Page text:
Photo credits: Carolyn Kaster/AP, Christian Hartmann/Reuters, Carlos Barria/Reuters, Joe Castro/Reuters, SIPA Asia via ZUMA Wire, Mark Schiefelbein/AP
Taken from naturalization ceremonies in Denver, Milwaukee and Miami, these photos reflect a process that transcends partisan lines and elected officials.
Oslaydis Viquillon, center, originally from Cuba, wipes tears from her eyes as she and her fellow new citizens sing “America the Beautiful” after their naturalization ceremony in Miami, FL. 170 people from 27 different countries became United States citizens during the ceremony. (Scott McIntyre)
Newly naturalized citizens celebrate with their families and take pictures after their naturalization ceremony in Miami, FL. (Scott McIntyre)
American flags on display at a naturalization ceremony in Miami, FL. (Scott McIntyre)
Wifredo Ferrer, U.S. Attorney for Southern District of Florida, speaks during a naturalization ceremony in Miami, FL. (Scott McIntyre)
Hector Villarreal, 69, originally from Mexico, participates in a naturalization ceremony at the Wisconsin State Fair Park in Milwaukee, Wisconsin. “I’m finally getting my citizenship. I should have gotten it when I served in the service, [but] I never bothered with it…my kids talked me into it to be honest with you.” (Lauren Justice)
“It’s a big change. It’s very different from where I’m from,“ said Paola Castro (right), 40, from Argentina. "We don’t have free expression [in Argentina] or liberty like we have here.” Castro has lived in the United States for 14 years and became a citizen in a naturalization ceremony in Miami, FL. (Scott McIntyre)
A participant holds an American flag at a naturalization ceremony in Denver, CO. (James Chance)
Maria Thorington, 27, from Canada, sits with her daughter Mallory at a naturalization ceremony in Denver, CO. "My husband served [this] country, I want to be a part of it.” (James Chance)
A new citizen poses with her certificate of naturalization at a ceremony at the Denver Field Office in Denver, CO. (James Chance)
Juliana Taylorkanara (center), 42, originally from Sierra Leone, participates in a naturalization ceremony at the Wisconsin State Fair Park in Milwaukee, Wisconsin. “It’s a wonderful day, becoming a US citizen. It’s a blessing. Every version of America is beautiful, I can say. Everything. The loving, the caring, the constant help, everything. It means a lot to me.” (Lauren Justice)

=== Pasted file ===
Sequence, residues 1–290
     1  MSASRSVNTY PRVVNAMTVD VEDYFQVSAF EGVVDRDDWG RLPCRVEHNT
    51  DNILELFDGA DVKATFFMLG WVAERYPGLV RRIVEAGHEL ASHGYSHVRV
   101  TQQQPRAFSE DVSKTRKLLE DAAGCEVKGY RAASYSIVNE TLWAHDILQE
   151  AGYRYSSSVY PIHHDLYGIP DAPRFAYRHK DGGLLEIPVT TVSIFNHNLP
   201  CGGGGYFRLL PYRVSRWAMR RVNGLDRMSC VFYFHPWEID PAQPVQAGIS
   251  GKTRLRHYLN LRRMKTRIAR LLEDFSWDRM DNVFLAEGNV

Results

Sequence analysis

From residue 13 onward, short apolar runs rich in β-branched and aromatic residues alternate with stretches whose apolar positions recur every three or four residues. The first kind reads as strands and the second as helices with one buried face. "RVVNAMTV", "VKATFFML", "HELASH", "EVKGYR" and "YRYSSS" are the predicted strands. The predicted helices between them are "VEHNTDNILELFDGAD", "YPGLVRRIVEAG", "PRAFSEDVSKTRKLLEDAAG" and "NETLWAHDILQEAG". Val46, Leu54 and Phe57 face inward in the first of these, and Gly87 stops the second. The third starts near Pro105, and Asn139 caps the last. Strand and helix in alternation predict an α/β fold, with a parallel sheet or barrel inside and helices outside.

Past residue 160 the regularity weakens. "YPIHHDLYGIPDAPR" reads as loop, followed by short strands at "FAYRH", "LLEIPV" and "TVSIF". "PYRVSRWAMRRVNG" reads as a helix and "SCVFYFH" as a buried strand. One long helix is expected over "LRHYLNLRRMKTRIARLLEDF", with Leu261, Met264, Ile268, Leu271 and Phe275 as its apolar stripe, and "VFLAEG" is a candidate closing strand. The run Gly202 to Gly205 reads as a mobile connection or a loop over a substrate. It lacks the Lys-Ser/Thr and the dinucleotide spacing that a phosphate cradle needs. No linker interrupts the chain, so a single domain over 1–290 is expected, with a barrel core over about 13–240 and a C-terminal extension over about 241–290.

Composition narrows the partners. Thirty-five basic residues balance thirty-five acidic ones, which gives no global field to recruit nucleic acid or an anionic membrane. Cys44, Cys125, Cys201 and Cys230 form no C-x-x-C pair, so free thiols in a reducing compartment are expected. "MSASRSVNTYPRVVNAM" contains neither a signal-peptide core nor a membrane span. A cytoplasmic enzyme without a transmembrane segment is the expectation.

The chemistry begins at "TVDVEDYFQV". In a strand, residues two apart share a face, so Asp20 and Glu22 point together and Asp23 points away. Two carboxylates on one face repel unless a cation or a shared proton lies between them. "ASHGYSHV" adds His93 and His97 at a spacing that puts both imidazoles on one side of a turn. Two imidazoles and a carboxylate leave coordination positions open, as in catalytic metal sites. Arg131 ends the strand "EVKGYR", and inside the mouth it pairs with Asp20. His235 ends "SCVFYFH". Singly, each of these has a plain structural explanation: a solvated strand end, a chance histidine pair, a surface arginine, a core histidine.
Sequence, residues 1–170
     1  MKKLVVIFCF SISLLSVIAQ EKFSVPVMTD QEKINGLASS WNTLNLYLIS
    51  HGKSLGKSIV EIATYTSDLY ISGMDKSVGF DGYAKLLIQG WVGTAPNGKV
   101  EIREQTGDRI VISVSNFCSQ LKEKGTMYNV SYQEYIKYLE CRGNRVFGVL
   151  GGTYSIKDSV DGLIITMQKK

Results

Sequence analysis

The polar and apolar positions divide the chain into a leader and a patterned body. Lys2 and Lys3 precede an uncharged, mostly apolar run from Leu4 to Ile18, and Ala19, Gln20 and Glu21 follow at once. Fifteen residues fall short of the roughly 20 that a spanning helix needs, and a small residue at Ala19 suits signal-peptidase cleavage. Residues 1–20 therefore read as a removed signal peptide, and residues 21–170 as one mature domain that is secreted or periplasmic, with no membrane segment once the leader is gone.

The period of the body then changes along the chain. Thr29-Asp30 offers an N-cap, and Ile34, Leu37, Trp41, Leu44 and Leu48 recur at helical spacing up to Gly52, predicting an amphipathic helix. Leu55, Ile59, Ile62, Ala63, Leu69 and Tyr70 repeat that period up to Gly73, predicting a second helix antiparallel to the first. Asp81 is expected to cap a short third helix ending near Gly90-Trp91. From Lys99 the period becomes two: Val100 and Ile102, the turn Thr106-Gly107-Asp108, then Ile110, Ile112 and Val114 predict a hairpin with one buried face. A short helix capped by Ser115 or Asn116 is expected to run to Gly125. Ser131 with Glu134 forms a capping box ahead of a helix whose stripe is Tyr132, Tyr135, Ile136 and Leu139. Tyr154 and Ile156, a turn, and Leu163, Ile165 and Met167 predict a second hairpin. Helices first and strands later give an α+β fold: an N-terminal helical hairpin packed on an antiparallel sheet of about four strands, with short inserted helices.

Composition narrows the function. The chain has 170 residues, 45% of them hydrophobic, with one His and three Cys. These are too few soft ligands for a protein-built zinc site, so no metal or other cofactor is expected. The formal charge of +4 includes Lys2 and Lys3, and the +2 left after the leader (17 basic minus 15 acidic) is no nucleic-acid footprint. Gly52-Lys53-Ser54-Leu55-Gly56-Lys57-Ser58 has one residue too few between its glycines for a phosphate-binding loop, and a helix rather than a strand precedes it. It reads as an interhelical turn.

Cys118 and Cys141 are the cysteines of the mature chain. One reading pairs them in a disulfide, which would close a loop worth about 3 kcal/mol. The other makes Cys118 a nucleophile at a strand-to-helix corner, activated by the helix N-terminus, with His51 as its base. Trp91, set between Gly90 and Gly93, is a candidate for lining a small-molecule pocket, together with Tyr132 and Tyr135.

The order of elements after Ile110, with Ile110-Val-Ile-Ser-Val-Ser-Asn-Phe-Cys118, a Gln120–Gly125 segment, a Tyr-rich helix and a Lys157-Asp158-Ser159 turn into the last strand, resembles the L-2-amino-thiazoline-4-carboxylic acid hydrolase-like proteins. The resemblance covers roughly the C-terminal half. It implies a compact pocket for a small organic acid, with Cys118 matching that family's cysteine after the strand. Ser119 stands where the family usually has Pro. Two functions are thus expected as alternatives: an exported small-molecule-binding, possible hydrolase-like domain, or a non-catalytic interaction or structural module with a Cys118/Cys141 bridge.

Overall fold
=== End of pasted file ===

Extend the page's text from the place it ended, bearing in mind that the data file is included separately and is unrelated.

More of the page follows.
Individually, the photos and their captions reveal unique motivations for being naturalized, but in their totality, convey a unity foundational to another oath that, when written in 1892 by Francis Bellamy, was intended to be applicable to any citizen of any country: “I pledge allegiance to my Flag and the Republic for which it stands, one nation, indivisible, with liberty and justice for all.”
Click here to view the entire photo essay “Choosing to Become an American”
THE SONG JOHN BROWN’S BODY - WHERE DID IT COME FROM?
FROM THE CIVIL WAR TO WORLD WAR II THIS SONG HAS INSPIRED MANY VERSIONS-THE TUNE EVENTUALLY BECOMING THE “BATTLE HYMN OF THE REPUBLIC” MANY HAVE CLAIMED CREDIT!
According to an 1890 account, the original John Brown lyrics were a collective effort by a group of Union soldiers who were referring both to the famous John Brown and also, humorously, to a Sergeant John Brown of their own battalion. Various other authors have published additional verses and/or claimed credit for originating the John Brown lyrics and tune.
At a flag-raising ceremony at Fort Warren, near Boston, on Sunday May 12, 1861, the John Brown song was publicly played “perhaps for the first time”. The American Civil War had begun the previous month.